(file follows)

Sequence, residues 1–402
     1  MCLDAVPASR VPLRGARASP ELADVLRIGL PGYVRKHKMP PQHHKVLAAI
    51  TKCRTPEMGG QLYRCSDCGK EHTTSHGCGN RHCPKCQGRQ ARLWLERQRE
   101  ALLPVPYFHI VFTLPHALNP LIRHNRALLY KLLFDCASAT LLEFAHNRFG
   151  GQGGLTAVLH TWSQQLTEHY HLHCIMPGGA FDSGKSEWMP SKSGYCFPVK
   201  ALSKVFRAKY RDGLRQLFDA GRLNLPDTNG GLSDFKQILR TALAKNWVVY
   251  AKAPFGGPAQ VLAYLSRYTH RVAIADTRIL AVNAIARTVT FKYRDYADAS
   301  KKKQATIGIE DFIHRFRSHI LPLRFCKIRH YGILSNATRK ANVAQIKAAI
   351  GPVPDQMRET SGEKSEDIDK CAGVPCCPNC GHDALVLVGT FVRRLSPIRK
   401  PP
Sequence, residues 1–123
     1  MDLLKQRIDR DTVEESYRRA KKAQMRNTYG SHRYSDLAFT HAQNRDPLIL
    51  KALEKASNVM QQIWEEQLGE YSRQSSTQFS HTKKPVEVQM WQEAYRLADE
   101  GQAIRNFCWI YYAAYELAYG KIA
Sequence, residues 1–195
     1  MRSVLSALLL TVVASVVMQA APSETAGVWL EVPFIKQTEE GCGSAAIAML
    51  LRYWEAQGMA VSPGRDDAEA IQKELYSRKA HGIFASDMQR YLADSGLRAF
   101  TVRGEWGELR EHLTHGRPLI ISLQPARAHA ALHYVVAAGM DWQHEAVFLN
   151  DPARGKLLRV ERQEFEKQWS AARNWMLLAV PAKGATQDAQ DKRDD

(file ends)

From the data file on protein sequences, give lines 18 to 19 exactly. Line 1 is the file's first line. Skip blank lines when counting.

   101  TVRGEWGELR EHLTHGRPLI ISLQPARAHA ALHYVVAAGM DWQHEAVFLN
   151  DPARGKLLRV ERQEFEKQWS AARNWMLLAV PAKGATQDAQ DKRDD